Barbara Balik Discusses Eliminating the Negatives of EHRs
Barbara Balik, EdD, MS, RN, co-founder of Aefina Partners and senior faculty at the Institute of Healthcare Improvement, recognizes the positives and negatives of electronic health records.
Transcript Greater use of EHRs has increased burnout, but they aren’t going away—how can technology be used to reduce clinician burnout?
First, I think we have to identify that EHRs weren’t really developed with the user in mind. There’s a lot of other good intended outcomes: the use of access to information, billing and coding. All of those kinds of things. But what exactly that might mean for that interaction between patient and clinician? I don’t think we fully anticipated and we kinda glossed over them in the early implementation. The issues that are absolutely essential right now is how do we remove the technological barriers between the relationships that patients and clinicians and other caregivers value. That’s at the heart of what we need to focus on. The commitment needs to be of removing those barriers and the demands on individuals through use of technology.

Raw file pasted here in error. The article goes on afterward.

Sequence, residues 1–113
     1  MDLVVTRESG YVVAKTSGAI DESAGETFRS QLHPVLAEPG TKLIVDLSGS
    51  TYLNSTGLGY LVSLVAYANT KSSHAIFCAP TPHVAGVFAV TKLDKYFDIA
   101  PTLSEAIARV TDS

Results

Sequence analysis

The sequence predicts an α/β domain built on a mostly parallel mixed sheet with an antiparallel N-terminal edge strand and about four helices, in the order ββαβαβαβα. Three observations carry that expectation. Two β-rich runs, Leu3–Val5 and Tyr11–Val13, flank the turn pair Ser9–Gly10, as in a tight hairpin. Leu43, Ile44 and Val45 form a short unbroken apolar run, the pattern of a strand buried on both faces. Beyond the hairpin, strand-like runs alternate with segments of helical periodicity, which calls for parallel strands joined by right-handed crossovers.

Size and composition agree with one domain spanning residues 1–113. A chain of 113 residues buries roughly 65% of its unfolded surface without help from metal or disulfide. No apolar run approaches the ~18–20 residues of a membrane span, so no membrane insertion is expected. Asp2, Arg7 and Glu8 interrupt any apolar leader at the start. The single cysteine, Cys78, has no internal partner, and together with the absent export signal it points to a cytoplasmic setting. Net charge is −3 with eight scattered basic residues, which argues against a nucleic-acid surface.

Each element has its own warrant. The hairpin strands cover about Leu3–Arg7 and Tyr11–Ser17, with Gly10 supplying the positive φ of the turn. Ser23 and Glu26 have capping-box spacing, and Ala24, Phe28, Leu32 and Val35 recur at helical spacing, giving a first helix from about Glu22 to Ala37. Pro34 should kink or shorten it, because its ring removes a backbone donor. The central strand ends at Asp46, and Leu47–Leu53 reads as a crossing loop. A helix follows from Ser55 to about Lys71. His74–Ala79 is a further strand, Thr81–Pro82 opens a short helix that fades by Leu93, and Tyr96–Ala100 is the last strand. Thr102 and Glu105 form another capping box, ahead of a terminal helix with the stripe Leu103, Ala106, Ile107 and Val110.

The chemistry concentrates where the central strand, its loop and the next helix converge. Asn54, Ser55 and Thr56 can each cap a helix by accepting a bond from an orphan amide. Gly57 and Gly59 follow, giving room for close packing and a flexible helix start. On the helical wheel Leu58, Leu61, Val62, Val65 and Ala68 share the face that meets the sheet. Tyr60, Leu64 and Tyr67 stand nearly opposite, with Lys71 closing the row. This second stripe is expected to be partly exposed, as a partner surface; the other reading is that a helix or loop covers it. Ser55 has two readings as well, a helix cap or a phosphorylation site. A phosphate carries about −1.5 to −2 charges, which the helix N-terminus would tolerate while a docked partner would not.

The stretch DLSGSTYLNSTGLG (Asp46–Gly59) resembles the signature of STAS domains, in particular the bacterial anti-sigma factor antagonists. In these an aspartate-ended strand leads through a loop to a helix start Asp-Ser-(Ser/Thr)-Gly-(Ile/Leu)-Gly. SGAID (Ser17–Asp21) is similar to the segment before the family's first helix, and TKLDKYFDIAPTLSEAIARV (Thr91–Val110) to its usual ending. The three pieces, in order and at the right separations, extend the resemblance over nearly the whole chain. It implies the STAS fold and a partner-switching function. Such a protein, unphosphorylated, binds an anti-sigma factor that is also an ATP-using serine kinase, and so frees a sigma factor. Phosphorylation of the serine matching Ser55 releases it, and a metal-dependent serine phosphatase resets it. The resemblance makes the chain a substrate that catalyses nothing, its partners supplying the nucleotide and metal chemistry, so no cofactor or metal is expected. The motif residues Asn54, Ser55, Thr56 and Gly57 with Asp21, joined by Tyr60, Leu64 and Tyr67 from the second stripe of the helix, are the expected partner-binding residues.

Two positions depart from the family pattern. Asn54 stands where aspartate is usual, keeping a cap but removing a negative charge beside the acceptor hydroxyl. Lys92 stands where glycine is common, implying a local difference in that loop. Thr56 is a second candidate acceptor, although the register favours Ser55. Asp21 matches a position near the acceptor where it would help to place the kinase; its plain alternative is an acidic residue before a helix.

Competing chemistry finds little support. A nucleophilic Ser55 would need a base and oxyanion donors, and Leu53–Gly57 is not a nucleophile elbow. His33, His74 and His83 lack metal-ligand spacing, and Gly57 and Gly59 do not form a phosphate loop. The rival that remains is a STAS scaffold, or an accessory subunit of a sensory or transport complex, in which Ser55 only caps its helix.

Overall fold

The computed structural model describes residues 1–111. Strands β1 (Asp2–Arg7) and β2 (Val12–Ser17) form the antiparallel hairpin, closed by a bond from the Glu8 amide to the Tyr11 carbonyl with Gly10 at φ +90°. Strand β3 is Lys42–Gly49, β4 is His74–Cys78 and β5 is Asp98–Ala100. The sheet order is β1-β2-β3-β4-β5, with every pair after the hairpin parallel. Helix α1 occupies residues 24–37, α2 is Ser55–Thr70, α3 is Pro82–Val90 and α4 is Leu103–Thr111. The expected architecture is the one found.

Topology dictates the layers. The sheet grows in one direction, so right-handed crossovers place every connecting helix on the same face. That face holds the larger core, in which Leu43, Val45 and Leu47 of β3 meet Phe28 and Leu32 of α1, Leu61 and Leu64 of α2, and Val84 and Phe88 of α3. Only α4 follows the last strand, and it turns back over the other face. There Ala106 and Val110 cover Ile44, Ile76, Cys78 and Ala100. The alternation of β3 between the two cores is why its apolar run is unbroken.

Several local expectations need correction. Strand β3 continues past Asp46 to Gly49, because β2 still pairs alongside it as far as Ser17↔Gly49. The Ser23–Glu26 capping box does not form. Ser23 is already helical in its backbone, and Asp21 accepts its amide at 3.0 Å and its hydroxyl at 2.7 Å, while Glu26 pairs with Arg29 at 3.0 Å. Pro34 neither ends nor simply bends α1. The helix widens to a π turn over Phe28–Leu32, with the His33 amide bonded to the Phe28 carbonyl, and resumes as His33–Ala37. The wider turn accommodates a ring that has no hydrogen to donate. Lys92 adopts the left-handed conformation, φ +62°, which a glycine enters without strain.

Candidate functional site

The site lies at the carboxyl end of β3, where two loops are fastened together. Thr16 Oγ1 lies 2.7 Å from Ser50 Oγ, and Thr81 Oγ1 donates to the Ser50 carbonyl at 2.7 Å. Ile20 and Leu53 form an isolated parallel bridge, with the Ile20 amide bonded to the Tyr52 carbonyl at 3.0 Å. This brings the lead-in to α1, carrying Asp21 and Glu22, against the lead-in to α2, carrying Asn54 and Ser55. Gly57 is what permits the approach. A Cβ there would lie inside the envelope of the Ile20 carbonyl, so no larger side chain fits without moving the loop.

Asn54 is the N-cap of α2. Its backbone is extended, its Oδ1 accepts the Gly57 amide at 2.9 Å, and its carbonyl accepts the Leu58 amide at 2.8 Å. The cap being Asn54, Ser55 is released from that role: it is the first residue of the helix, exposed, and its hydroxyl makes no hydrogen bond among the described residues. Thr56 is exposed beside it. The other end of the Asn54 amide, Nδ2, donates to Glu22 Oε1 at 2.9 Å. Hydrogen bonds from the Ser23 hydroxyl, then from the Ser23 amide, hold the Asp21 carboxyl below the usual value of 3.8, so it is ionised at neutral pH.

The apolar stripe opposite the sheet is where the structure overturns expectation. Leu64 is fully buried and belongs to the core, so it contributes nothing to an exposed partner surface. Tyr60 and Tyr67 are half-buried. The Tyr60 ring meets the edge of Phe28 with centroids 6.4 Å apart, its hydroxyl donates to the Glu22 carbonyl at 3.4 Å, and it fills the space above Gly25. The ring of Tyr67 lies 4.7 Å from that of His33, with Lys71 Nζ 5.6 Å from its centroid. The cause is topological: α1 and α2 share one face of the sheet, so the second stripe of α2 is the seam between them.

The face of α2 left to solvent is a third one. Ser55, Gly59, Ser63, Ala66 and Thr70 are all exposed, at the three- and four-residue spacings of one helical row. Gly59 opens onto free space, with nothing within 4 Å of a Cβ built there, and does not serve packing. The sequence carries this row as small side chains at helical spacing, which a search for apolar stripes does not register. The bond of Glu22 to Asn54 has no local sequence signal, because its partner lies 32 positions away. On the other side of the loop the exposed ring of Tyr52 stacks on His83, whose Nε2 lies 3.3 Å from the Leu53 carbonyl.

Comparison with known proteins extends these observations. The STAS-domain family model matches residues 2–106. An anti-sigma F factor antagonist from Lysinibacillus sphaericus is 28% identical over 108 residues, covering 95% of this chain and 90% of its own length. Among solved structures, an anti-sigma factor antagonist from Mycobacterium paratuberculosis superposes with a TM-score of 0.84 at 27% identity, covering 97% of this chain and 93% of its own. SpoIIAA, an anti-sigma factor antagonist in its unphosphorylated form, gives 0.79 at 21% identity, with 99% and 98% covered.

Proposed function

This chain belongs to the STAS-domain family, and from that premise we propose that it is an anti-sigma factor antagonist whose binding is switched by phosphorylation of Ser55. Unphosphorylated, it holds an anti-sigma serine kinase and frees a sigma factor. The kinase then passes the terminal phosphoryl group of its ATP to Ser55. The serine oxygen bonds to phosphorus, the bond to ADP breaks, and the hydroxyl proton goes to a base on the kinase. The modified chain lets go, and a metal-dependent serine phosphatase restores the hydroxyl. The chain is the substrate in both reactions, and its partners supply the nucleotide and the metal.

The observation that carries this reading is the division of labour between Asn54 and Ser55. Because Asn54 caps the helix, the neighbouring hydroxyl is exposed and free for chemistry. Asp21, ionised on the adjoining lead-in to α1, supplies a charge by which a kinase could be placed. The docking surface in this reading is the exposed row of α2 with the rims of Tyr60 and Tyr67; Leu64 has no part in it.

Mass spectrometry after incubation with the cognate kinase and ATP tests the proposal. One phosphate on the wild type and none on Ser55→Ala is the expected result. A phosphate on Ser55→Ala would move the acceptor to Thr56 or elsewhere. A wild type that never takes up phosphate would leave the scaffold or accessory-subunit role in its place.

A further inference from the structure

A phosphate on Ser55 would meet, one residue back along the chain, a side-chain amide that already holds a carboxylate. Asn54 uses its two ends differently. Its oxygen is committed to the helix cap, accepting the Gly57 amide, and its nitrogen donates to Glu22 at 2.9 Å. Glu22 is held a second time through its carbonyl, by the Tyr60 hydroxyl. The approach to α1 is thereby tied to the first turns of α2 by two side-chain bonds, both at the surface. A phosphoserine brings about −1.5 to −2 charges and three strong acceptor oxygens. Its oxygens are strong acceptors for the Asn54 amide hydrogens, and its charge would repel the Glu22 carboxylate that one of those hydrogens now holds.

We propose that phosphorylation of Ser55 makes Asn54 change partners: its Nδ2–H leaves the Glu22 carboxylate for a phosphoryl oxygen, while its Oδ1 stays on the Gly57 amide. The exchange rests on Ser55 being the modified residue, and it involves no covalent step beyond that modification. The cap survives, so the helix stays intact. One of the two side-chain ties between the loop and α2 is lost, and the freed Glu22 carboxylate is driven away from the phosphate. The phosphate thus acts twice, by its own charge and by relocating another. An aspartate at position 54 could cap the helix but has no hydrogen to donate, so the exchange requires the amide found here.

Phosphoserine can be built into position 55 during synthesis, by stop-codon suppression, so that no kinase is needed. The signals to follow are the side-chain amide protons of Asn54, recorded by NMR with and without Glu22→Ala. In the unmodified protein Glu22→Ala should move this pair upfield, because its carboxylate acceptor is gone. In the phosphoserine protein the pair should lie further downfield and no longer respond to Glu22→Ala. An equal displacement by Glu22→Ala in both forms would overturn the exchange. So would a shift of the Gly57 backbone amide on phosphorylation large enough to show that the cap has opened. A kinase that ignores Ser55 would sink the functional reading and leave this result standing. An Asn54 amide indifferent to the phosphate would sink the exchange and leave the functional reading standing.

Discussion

We are the only industry I know of that adds technology and then has to add people to deal with that technology. So the whole growth of scribes is just a work around because of the demands of technology. That’s insane in most other industries. So I think we can’t and don’t want to eliminate the good parts about electronic health record. We must eliminate the bad parts and start chipping away at those. I know some organizations have made great progress so there’s hope.